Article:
Literary giants have created masterpieces that we love and adore. However, we aren’t able to write like them for a few reasons. I want to share why we can’t write like Victor Hugo, as I have found by reading Les Miserables. Craft and skill are obviously aspects to aspire to, but the biggest reason we can’t write like Victor Hugo, is because the current generations don’t have the patience.
Victor Hugo’s masterpiece is packed with history and description that bring the events to life. While the cast of characters and side lectures illuminates new views of the same scenes. All of this is part of what makes his work incredible. However, writing like Hugo will not make a writer successful today.
Marius was raised by his grandfather, a stalwart royalist, but comes to love and understand his father who was devoted to Napoleon. The conflict in him compounds and results in him joining and fighting as a rebel for the republic. Les Miserables is filled with a number of historical lectures and references. The political history of France results in a number of differing ideologies and political parties. Relationships in the story are complicated because of the political views.
I have to admit that I likely don’t have the patience or the efficiency to research and learn all the aspects of a history to create such a masterpiece of historical fiction. As far as readers go, (excluding history buffs) most want to indulge in the novel and the storyline of the characters rather than the history of the time period. To write like Hugo would entail a lot of research, or to have lived the history as he had.
Wonderful descriptions of the scenery and locations of the streets create an image, and contribute to the dilemmas of the characters. As Jean Valjean is cornered at the end of a street, the description allows a clear picture of his unlikely, but possible, escape. Hugo’s lengthy descriptions of the surroundings would now be considered an interruption to the pacing of the story.
A solution to this is by injecting action into the description. Either by interrupting the descriptive prose with events or movements, or by utilizing the interactions of the characters with the surroundings to describe the scenery. This also helps in reducing passive voice, which is frequently one of my tendencies.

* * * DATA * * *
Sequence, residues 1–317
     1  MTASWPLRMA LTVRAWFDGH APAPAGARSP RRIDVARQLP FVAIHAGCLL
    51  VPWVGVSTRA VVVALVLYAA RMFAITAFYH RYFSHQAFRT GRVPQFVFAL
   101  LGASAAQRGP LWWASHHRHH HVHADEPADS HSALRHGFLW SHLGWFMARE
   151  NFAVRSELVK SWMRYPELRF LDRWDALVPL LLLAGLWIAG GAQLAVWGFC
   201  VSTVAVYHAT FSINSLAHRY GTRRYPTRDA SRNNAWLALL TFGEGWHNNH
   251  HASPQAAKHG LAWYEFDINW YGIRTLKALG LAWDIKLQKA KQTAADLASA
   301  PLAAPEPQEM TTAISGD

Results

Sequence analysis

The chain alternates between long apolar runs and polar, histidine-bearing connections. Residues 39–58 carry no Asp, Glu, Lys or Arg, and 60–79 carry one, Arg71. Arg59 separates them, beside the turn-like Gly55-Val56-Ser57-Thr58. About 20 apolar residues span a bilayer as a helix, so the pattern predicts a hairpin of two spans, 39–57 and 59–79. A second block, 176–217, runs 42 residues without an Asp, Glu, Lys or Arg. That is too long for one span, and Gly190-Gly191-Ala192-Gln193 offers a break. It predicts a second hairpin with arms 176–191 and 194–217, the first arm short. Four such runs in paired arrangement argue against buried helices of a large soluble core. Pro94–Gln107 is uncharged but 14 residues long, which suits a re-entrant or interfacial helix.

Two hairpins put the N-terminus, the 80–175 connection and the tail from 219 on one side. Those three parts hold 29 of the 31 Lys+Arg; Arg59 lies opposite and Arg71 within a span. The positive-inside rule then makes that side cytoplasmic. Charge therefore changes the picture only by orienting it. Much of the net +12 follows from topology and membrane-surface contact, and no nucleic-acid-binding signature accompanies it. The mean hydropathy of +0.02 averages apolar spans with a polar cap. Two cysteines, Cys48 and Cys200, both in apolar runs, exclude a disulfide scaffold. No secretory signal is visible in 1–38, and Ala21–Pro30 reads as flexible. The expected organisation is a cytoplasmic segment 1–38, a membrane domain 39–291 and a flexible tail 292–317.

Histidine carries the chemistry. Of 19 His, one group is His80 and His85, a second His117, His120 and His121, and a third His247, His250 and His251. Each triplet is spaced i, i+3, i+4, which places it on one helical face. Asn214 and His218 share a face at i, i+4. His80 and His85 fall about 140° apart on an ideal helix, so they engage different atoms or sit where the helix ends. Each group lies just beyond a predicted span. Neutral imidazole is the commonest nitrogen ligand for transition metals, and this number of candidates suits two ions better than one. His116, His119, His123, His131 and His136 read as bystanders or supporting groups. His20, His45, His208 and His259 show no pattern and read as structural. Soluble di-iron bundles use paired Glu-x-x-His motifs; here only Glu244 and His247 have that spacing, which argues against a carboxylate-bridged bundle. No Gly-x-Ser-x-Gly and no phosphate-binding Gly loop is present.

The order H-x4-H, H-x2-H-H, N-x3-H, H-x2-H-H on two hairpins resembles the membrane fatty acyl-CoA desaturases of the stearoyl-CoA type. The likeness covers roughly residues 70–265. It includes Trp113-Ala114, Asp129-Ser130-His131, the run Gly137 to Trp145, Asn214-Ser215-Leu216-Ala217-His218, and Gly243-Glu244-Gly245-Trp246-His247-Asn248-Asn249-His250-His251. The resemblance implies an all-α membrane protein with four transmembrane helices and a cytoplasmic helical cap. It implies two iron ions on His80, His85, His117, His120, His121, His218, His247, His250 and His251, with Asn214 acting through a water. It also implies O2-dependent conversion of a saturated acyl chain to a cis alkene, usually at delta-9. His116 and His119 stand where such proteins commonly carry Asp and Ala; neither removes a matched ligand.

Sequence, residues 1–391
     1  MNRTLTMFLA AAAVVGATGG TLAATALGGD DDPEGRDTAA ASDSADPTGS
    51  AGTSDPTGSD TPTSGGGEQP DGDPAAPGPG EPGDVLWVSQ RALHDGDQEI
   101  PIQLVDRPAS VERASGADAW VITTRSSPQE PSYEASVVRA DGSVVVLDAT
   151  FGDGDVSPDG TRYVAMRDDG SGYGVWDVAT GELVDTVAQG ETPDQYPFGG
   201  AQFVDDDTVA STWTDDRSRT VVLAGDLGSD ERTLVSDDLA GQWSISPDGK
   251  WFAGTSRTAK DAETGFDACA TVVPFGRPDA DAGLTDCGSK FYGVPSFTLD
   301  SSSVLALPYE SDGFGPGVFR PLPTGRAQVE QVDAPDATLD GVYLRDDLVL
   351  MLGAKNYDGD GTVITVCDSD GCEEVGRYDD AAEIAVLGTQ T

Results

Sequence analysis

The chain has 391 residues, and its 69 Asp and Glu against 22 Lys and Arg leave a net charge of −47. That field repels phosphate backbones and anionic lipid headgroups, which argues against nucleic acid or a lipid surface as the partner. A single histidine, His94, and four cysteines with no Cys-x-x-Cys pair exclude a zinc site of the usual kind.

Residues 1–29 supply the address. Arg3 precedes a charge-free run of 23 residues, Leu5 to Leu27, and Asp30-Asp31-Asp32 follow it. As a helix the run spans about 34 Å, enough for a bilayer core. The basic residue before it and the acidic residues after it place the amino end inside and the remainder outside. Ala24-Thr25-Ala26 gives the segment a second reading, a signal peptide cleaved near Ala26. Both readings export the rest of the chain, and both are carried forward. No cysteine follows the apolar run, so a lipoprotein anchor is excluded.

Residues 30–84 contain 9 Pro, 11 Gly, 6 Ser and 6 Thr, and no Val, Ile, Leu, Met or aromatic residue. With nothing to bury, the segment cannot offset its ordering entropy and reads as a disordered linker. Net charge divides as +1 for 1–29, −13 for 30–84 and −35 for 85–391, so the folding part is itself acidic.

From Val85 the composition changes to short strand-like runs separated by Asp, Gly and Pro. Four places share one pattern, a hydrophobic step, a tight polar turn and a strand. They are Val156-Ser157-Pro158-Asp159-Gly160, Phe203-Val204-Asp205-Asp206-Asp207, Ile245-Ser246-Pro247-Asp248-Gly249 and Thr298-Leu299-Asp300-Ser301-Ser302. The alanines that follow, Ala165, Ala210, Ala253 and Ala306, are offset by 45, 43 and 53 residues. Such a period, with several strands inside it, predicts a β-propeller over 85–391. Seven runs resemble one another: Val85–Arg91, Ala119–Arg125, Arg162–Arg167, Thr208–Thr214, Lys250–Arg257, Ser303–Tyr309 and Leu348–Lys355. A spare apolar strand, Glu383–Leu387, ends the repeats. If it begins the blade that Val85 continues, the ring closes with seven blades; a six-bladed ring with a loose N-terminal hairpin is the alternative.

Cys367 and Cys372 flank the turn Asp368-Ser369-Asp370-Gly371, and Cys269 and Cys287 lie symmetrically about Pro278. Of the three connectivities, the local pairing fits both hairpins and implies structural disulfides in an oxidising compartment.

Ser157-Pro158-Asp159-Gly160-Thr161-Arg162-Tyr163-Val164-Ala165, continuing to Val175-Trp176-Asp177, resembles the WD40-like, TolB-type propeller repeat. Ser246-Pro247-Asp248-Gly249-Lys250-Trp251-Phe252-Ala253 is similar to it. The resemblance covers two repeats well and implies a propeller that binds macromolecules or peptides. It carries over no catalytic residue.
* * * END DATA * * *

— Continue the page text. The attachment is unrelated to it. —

Details that enhance the understanding of the situation is exposition. But as readers, we expect to understand the reason for the exposition a lot sooner rather than later. To write like Victor Hugo means writing thorough portrayals of the circumstance from which a character enters or emerges. Such as how the convent where Cosette receives her education is vividly illustrated as strict, efficient, and independent.
Since the rules of writing today suggest to go on a need-to-know basis, we don’t have the same depth of understanding. However, the one benefit to this, is we spend more time with the characters rather than their circumstance. What I noticed while reading Les Miserables is that I had strong connections with the characters because I knew them from the songs and movies before I even read the book. Most of the emotion I experienced while reading the novel was thinking that the scene or situation sounded awful.
An entire chapter is dedicated to illustrating that characters who live on the street have a language of their own. Including various tangents, Victor Hugo utilized a cast of characters with differing positions within the same story line. A fugitive, a young rebel, a criminal, an upstanding old-fashioned citizen, an innocent young woman, and an inspector. All of which had a unique perspective and motivation.
Writing like Victor Hugo, like he has in Les Miserables, would require a number of character arcs and themes. Such arcs would include the redemption of the sinner, the heroic journey, from riches to rags and back to riches, and a tragedy, among others. Themes of justice, living up to morals, kindness, and love are all expressed strongly with the cast of characters.
Victor Hugo is and always will be a genius of literature with wonderful masterpieces. We all have plenty to learn from him and other writers. But, there are always some aspects that we cannot replicate. I encourage everyone to read to enjoy incredible stories, and read to write! But be sure to also write to read for your current audience.
6 thoughts on “Why We Can’t Write Like Victor Hugo”
I love the classics—which includes Les Misérables. If it wasn’t for the musical, never would have read the book
It’s a wonderful book! But huge and intimidating if you don’t know it’s good before you start it.
Wasn’t intimidating for me- the musical really did help
Good! That’s great! What other classics have you enjoyed?
1. Hunchback of Notre Dame
2. Bleak House
3. Hard Times
4. Nicholas Nickleby
5. Oliver Twist
6. David Copperfield
7. A Christmas Carol
8. Great Expectation
9. Tale of Two Cities
10. Don Quixote
11. The Iliad
12. The Odyssey